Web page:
Think back to the last time that you literally sat on the edge of your seat with anticipation. Maybe it was in the last 5 minutes of an incredibly close sports championship. Or when seeing your favorite band live in concert for the first or seventh time.
An effective coming soon page for a website should elicit a similar response from your visitors.
It’s an opportunity to make a strong initial impression and generate excitement for your business. A professionally crafted coming soon website can also help you to attract investors, secure more funding, and establish your online presence before the full site goes live.
Read on for a full guide to what you’ll need to build a successful coming soon website.
Why invest in a coming soon website?
There are many reasons why you should utilize a coming soon landing page for your upcoming business. From creating a buzz to securing more funding, let’s take the benefits one by one.
A website helps to establish credibility. And a temporary site establishes your online presence before your full site or business is ready to launch. If you’re starting out, even just a coming soon landing page will help to demonstrate your presence to potential clients and investors.
It also gives you a reason to put your site’s address on your business cards and a place to direct new contacts. On a technical level, you’ll also jumpstart the indexing process and be picked up by search engines without delay.
A temporary site can help to attract investors and interest in your business early on. On a visual level, you can showcase your brand, launch timeline, and how you’ll approach your target market. From a validation standpoint, you can take site visits, actions on-page, and a number of other factors to display interest to investors.
You could even set up pre-sales through a coming soon landing page to raise funding. If your potential customers see the value and are willing to pay ahead of time, you could easily gain additional startup funds in exchange for a pre-order bonus or exclusive trial period. And as an added bonus, this simply validates your business for potential investors even further.
Build an email list
Lastly, you can easily kickstart your marketing efforts by building an email list. Just add an email sign-up form for web visitors who are interested in learning more about your business.
You can simply start by sending launch and product updates, behind-the-scenes photos and videos, and even just informational content to get your customers excited.
Then leading up to launch, you can ramp up the consistency of your email marketing. Encourage your early adopters to spread the news, get excited about launch events, and even share exclusive promotions for signing up early.
Design & content tips for a coming soon page
Your temporary site doesn’t need much—it can be a one-page site with basic company information and contact details. In general, a coming soon website typically includes these elements.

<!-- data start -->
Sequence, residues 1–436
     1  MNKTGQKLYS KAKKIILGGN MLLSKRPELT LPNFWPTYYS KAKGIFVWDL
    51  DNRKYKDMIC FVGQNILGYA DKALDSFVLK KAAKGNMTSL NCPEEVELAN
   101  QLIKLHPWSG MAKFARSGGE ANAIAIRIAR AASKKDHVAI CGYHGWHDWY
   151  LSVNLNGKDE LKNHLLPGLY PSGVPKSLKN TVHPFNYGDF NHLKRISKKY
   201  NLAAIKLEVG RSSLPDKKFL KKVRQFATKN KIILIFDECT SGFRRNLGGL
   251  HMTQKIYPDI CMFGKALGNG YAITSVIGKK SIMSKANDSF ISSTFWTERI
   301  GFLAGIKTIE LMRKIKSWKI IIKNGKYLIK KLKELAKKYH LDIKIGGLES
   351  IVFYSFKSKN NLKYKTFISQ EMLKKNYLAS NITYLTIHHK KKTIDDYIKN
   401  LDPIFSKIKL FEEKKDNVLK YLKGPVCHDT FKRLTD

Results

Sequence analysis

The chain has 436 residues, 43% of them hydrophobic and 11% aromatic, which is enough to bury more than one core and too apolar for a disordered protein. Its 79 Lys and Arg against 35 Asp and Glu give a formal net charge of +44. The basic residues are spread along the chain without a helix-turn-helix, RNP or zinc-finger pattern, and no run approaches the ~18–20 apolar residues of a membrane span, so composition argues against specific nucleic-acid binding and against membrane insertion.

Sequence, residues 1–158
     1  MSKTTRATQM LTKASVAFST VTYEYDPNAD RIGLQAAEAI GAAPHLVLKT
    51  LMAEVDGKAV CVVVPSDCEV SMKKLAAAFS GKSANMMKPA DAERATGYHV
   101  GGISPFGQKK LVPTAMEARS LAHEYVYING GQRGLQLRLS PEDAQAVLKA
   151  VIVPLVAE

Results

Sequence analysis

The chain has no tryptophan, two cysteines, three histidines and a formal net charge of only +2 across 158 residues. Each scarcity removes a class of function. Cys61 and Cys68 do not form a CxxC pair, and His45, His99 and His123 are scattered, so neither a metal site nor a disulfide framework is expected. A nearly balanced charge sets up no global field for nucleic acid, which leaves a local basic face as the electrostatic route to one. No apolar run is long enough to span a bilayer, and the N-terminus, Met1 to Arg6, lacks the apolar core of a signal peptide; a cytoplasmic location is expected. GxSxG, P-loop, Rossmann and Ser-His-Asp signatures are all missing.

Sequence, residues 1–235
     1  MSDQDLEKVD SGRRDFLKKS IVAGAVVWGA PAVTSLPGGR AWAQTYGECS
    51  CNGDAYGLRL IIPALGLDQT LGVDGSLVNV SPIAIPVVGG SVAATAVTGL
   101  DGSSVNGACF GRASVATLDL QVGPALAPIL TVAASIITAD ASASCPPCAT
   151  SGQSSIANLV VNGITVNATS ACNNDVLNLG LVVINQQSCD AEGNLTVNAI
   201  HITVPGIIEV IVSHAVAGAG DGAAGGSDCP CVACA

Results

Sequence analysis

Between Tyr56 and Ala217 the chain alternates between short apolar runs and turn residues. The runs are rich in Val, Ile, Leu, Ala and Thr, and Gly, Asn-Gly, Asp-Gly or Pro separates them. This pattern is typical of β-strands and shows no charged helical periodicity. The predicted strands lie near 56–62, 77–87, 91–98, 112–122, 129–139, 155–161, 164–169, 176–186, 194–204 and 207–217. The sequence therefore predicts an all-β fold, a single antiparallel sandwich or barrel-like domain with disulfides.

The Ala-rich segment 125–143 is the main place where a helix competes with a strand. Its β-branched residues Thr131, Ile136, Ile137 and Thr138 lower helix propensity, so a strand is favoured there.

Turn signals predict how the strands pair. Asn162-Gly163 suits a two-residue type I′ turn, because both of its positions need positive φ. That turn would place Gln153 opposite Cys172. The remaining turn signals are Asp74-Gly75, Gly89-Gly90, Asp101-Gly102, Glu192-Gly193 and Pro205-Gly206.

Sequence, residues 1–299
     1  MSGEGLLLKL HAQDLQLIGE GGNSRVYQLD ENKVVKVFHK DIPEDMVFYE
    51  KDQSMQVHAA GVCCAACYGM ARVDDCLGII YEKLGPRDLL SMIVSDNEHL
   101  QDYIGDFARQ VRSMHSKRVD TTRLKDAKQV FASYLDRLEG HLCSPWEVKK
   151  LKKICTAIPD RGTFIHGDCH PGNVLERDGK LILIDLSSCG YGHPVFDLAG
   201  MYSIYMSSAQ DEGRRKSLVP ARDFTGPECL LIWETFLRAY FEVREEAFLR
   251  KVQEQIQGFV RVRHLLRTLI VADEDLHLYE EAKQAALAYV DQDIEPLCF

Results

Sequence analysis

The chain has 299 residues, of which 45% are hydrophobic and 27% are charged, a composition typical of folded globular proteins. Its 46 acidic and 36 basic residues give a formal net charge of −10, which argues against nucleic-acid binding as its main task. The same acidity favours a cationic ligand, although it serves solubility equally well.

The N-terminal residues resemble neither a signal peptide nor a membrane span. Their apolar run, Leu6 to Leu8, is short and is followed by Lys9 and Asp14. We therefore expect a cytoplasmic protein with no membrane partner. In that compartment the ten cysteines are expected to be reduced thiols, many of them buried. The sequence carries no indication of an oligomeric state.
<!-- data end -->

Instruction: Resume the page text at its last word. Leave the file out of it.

Captivating hero image
The hero image is the place where first impressions are made. Make the most of it, and invest in a high-quality image or short background video. If you choose a background video, be careful not to use one that is really distracting, or counter to your business’ purpose or ethos.
Also, be sure that the image or video isn’t housed within a massive file size. It may just be a one-page lander, but if it fails to load within a few seconds, you’ll see more and more people leaving without engaging with your site. Utilize an image compression tool and test your page speed from time to time to ensure you’re site is optimized for visitors.
Like the hero image, you want a distinct identifier for your business, which is why it’s vital to include a logo. Don’t worry if it’s just a placeholder for the time being, anything that allows customers to connect with your business is useful. You can always update it with an official version once you’re closer to launching your full site.
Web-based value proposition
Different from your mission statement, your web-based value proposition quickly states who you are, what you do, and what differentiates you from any competition. The value proposition is typically placed over the hero image and it should be 1-2 phrases since web visitors need to be able to scan and read the content quickly.
It can be a simplified variation of your mission statement and even a catchy tagline if you have one prepared. If you find users leaving your site without taking action, it may be worth testing new variations of this statement to see if it resonates more.
Contact information and social media handles
Web visitors will most likely be asking themselves—How can I contact this business? Is this business in operation?
Include a phone number, email address, and physical address (if you will be operating a physical storefront). For some customers, they may feel more comfortable following or chatting with you through social media. If you’ve built out Facebook, Instagram, or Twitter profiles, include links to them here so that they can easily connect and follow your business.
Basic information on products/services and launch timeline
At the start, you can just include a simple one-line statement about what your product or service will be. But as you nail down product specs, service models, and a launch timeline, you’ll want to add them to this page.